Today's Teaser Tuesday brings us into the fae realm of Oak King Holly King, which will release on Kindle and Paperback on February 14th!
From the Blurb:
Wren Lofthouse, a London clerk, has long ago resigned himself to a life of tedium and given up his fanciful dreams. When a medieval-looking brute arrives at his office to murmur of destiny, he’s inclined to think his old enemies are playing an elaborate prank. Still, he can’t help feeling intrigued by the bizarre-yet-handsome stranger and his fantastical ramblings, whose presence stirs up emotions Wren has tried to lock away in the withered husk of his heart.
As Shrike whisks Wren away to a world of Wild Hunts and arcane rites, Wren is freed from the repression of Victorian society. But both the fae and mortal realms prove treacherous to their growing bond. Wren and Shrike must fight side-by-side to see who will claim victory - Oak King or Holly King.
“We should withdraw,” said Shrike, surprising Wren.
“What for?” Wren asked.
“To make way for the second round of the dance.”
“You’ve brought a blade,” Nell interjected. “Shall you not join us? Or have you had your surfeit of dancing?”
“It’s a dance of swords,” Shrike explained in the face of Wren’s evident confusion.
“And Butcher cuts quite the handsome figure in it,” Nell added. “For those who admire such things.”
Perhaps it was the fae wine. Regardless, Wren heard himself declare, “I should like to see it.”
Shrike shot him an astonished glance.
Wren, his head full of Yorkshire Morris dancing and the memory of how Shrike had looked with a sword in his hand, met his gaze steadily. “If you’re willing.”
The rosy hue returned to Shrike’s high cheekbones alongside his shy smile. “I’m willing, an’ it so please you.”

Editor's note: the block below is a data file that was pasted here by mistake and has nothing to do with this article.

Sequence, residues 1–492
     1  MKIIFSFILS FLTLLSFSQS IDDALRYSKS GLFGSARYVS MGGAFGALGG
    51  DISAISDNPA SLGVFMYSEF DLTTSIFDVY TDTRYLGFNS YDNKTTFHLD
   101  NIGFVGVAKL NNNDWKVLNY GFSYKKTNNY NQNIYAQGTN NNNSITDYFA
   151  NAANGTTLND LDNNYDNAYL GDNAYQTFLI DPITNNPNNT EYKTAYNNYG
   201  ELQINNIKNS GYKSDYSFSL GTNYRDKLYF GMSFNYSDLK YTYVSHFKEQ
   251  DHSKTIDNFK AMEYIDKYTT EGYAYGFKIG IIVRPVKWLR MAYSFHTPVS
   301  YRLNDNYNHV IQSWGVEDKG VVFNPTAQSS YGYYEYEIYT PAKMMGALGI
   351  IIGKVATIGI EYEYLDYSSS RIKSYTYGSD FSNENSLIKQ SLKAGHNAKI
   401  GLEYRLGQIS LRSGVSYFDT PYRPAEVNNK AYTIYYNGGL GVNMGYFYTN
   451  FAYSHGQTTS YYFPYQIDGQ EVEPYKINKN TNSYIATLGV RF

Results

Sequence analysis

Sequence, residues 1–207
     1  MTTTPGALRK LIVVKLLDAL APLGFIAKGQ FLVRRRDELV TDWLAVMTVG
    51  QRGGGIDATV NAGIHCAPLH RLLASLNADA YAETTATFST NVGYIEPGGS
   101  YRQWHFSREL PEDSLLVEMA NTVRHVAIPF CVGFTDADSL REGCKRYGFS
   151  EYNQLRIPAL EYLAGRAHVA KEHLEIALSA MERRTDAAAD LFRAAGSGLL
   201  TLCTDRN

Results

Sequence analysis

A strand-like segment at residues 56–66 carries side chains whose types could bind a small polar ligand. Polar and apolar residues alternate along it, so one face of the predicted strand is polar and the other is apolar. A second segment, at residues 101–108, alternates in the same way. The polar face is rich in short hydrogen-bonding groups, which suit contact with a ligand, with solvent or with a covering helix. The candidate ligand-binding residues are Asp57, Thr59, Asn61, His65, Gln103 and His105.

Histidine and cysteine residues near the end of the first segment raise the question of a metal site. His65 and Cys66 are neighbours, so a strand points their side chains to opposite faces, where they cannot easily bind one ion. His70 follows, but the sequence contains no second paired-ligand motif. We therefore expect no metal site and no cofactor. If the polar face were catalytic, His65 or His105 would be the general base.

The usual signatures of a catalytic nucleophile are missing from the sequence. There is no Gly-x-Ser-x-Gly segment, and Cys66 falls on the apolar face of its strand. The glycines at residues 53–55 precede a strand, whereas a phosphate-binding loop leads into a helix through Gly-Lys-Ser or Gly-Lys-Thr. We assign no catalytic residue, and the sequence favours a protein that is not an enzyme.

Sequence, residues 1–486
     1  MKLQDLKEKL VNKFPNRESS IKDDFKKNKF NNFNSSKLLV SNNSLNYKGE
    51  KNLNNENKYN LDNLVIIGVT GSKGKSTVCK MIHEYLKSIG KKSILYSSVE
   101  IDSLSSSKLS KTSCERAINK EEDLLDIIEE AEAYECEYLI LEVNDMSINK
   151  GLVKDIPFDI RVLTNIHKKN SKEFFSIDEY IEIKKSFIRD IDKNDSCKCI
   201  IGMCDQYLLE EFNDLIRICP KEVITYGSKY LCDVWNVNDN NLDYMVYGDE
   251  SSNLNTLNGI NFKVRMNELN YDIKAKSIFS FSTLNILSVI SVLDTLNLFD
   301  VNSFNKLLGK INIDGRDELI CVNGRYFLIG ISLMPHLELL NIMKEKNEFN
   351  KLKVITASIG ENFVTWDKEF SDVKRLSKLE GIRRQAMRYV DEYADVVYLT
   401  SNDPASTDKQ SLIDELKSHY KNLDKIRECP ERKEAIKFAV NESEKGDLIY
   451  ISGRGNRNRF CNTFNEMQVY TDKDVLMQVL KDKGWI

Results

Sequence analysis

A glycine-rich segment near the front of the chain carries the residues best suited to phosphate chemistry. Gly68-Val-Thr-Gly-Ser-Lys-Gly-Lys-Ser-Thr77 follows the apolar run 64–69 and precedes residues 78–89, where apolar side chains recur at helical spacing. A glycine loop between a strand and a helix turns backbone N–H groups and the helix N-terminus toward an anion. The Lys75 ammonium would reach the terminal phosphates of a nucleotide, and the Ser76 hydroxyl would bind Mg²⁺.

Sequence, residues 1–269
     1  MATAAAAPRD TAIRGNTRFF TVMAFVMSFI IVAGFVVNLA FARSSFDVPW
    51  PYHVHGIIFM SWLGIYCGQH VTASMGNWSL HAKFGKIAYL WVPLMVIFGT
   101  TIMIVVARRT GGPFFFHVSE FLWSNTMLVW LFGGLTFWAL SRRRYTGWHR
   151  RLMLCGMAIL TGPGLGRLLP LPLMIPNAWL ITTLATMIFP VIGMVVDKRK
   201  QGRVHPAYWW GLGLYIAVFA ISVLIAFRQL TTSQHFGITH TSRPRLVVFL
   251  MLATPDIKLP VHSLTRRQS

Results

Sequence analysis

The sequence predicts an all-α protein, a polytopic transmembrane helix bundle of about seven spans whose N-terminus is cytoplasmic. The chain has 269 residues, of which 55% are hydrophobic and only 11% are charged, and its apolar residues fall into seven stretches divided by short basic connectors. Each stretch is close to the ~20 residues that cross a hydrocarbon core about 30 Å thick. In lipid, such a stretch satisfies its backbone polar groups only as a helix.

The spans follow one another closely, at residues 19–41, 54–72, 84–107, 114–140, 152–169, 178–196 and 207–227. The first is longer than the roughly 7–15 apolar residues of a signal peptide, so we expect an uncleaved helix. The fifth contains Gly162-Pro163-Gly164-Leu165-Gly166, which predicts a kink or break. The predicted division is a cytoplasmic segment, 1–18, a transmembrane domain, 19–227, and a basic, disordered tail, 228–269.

Nell grinned. “You’re an excellent influence on him, Lofthouse.”
And with a cheery wave, she strolled off, nymphs in tow.
No sooner had she passed out of earshot than Wren developed second thoughts. “There’s no danger in it, is there?”
“None aim to wound,” Shrike replied.
That wasn’t quite what Wren had asked, but he supposed the answer would suffice.
Shrike drew out his sword. The blade glistened. Wren had watched him sharpen it on one Sunday afternoon, sitting on the rock by the stream, his hair falling to frame his face as he bent to ply the whetstone. Shrike looked no less handsome now, holding it forth with far greater strength of arm than Wren himself could boast.
Over Shrike’s broad shoulders Wren espied other fae unsheathing their blades. Several bore silver similar to Shrike’s. Some, however, had weapons of more peculiar make—a bronze gladius pitted and tarnished with barnacles clinging to its hilt; a flamberge whose waving edge seemed to flicker with its own inner candle flame; a longsword of polished wood with dried vines curling down its length; a scimitar whose smooth and gleaming milk-white edge looked uncomfortably as if it were carved of bone; and a blade of pale translucent blue that might have been either glass or ice. The only sword-dancer Wren recognized, apart from Shrike, was the spiderweb fae, who drew out a slender silver rapier from its cane-sheath.
All the while, as the dancers drew their weapons and assumed their positions, unarmed fae withdrew from the tree. Wren followed suit and perched at the rim of the crowd near enough to watch Shrike’s performance with eager and hungry gaze.
Shrike did not disappoint.
The music of the fiddle and flute rekindled. The sword-wielding fae gathered in groups of five. Each raised their blade in their left hand. At the first beat of the tambourine, two blades crossed, the others following one-by-one in time with the song’s rhythm. When all swords had crossed, the dancers spun like the spokes of a wheel, and each five-spoked wheel in turn began to whirl around the tree.
Then, as the fiddle unleashed a joyous shriek, the wheels burst. Swords uncrossed and lashed out anew to strike each other in time with the beating of the tambourine. The rhythm increased in rapidity and the sword-wielders redoubled their efforts to match it with thrusts and parries enough to dizzy any mortal fencing master. Over, beneath, and between these blows the wielders danced, Shrike amongst them.
Every glimpse of Shrike made Wren’s heart sing. His strapping frame bent and leapt in serpentine patterns to avoid the crashing blades, his dark locks trailing behind him in narrow escape, his own arming-sword in constant motion to deflect the others’ strikes.
Wren held his breath as he beheld Shrike flip backwards over the curving moon-white bone scimitar and the rippling flamberge. His form plunged beneath the sea of blades.
And did not emerge again.